Lori Gottlieb is a psychotherapist and New York Times best-selling author of “Maybe You Should Talk To Someone,” which has sold over a million copies and is currently being adapted as a television series. And I absolutely loved recording this episode with her. In addition to her clinical practice, she’s a cohost of the popular “Dear Therapists,” podcast produced by Katie Couric, and she writes the Atlantic’s weekly, “Dear Therapists,” column. She is a very much sought-after expert and has an amazing TED Talk, which I will link in the show notes. Highly recommend listening to it.
This was an awesome episode and we go into why she was supposed to write a book about happiness, but that made her depressed and what she wrote instead. She talks about what led her to therapy herself as a therapist and the reason she speaks from a perspective of a card-carrying member of the human race and not just as a therapist. She shares examples of stories that we hold onto that actually make us more miserable and why we are unrealistic narrators of our own lives, how men and women communicate differently in therapy, and how to bridge the gap and how we treat emotional pain differently than physical pain and why this is a problem.
I will let her work speak for itself, but so much good information in this episode. I know that you will enjoy it. So without any more wait, let’s join Lori Gottlieb.
Episode Highlights With Lori Gottlieb
- Why she was supposed to be writing a book about happiness but it made her depressed and what she wrote instead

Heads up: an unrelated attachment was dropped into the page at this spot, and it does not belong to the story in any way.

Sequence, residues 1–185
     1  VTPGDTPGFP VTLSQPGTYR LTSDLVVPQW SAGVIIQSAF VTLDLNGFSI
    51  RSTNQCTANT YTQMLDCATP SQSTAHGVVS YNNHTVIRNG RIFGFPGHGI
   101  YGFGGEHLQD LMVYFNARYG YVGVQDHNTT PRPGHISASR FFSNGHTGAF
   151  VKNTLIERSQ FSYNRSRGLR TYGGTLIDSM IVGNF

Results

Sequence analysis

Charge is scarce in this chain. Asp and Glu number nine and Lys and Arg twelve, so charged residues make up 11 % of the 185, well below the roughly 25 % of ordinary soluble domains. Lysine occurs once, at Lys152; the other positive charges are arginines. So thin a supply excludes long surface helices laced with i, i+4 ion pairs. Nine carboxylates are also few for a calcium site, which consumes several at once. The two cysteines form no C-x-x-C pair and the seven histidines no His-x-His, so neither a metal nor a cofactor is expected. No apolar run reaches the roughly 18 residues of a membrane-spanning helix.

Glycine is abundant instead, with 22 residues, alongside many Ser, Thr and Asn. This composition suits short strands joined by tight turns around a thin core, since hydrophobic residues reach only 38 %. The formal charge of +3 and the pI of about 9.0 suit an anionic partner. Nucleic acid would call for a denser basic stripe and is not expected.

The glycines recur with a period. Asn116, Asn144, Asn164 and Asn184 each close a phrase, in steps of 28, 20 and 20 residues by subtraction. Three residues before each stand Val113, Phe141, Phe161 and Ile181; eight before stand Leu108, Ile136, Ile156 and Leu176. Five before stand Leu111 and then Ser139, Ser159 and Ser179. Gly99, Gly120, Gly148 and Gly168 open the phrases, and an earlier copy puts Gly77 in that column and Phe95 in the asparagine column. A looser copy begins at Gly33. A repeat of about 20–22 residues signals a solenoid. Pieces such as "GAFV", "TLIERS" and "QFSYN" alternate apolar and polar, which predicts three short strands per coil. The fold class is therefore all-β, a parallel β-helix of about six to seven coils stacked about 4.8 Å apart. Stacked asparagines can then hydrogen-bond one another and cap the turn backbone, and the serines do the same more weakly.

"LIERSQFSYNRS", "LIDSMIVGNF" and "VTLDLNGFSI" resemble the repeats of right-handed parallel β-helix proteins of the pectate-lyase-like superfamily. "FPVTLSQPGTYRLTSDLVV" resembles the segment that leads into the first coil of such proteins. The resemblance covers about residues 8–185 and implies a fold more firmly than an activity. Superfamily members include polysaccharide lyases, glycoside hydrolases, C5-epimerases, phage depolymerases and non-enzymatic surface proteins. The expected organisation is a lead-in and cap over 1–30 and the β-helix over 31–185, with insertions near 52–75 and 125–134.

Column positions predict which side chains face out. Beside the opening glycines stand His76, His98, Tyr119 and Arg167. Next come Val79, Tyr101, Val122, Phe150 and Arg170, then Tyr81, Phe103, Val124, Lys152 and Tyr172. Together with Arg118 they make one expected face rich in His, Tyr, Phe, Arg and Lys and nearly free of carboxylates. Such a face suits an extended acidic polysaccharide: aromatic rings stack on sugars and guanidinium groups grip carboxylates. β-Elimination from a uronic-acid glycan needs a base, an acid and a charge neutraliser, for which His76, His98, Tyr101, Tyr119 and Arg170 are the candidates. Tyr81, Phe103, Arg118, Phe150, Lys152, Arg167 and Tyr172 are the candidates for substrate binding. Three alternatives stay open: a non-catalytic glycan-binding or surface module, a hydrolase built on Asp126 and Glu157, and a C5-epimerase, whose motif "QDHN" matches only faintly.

- What led her to therapy as a therapist
- The reason she speaks from a perspective of a “card carrying member of the human race” and not just a therapist
- Examples of stories we hold onto that actually make us more miserable and why we are unrealistic narrators of our own story
- “Before diagnosing someone with depression, make sure they aren’t surrounded by assholes”
- How men and women communicate differently in therapy and how to bridge the gap
- Ways to help your partner feel safe in communicating in a relationship
- How we treat emotional pain differently than physical pain and why this is a problem
- Why we often have trouble changing even though we know it’s good for us
- The stages of change and why these are important to know
- Why we seek out repeat situations that we had in childhood with the idea that now as adults we will win and this time it will work out. And how to repattern this
- Why “we marry our unfinished business” and what to do about it
- The inadvertent prisons we place ourselves in that are based on our own stories and how to get out of them
- One thing that is hardest for people to do right in relationships
- Her very valuable advice for parents after working with thousands of patients
- Three words that can change your relationship with your children
- The accidental criticism we give to our kids that stays with them into adulthood
- Misconceptions about therapy that are hurting people and how to get past them
- The one concrete thing we can all do right now to improve our emotional well being
- Is it kind, is it true, is it useful?
Resources We Mention
- Her TED Talk
- Maybe You Should Talk to Someone: A Therapist, HER Therapist, and Our Lives Revealed by Lori Gottlieb
- Maybe You Should Talk to Someone: The Workbook: A Toolkit for Editing Your Story and Changing Your Life by Lori Gottlieb
- Dear Therapist Podcast
- Olive, Again: A Novel by Elizabeth Strout
More From Wellness Mama
- 470: Amy Emerson of MAPS on the Future of Psychedelic Assisted Therapy & Research
- 513: Tanner Wallace on Childhood Trauma, Attachment Wounds, and How to Heal
- 491: Peter Crone on Freedom From the Prisons of the Subconscious Mind
- 415: Reversing Limiting Beliefs Such As “I Am Not Enough” With Marisa Peer
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